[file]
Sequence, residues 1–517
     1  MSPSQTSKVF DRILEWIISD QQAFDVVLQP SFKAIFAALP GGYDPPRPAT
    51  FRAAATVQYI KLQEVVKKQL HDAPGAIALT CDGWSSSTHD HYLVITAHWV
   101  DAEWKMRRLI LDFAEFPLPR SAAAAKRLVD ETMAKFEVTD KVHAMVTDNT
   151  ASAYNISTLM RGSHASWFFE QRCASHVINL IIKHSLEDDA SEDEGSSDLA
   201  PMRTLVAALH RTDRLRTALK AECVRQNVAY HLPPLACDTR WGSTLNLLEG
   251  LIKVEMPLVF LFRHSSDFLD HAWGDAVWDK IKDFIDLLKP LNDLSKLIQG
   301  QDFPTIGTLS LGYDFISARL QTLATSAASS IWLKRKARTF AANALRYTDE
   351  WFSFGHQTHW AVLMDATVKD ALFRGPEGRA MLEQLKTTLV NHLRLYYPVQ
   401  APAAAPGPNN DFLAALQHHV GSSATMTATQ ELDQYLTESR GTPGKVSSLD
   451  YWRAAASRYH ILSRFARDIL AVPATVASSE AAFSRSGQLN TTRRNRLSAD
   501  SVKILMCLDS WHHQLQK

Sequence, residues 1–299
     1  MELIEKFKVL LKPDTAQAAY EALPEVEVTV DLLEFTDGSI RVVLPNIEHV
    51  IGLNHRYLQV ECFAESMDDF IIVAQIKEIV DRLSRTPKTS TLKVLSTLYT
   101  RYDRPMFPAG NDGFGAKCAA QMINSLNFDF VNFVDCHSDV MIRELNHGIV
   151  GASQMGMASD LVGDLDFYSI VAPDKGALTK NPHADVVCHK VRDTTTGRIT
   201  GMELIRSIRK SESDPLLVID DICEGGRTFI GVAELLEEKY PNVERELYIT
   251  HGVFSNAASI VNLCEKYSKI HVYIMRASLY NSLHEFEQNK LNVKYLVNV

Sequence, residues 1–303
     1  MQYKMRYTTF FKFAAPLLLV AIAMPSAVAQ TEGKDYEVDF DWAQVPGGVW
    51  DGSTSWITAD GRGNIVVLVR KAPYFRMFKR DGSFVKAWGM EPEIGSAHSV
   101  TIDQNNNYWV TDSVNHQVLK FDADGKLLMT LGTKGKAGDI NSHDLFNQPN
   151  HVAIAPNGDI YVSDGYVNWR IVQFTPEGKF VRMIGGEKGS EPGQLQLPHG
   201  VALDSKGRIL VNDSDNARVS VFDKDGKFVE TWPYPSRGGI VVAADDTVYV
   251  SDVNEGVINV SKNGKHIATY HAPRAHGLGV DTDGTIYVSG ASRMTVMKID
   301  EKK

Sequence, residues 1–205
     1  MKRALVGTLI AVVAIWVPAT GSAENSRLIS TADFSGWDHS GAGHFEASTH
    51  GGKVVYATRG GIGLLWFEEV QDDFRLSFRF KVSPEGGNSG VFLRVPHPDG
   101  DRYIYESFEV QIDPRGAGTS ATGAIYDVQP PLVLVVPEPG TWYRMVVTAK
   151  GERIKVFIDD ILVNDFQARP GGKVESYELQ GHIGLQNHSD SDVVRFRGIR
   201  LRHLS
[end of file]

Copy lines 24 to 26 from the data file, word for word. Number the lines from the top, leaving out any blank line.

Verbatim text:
   151  HVAIAPNGDI YVSDGYVNWR IVQFTPEGKF VRMIGGEKGS EPGQLQLPHG
   201  VALDSKGRIL VNDSDNARVS VFDKDGKFVE TWPYPSRGGI VVAADDTVYV
   251  SDVNEGVINV SKNGKHIATY HAPRAHGLGV DTDGTIYVSG ASRMTVMKID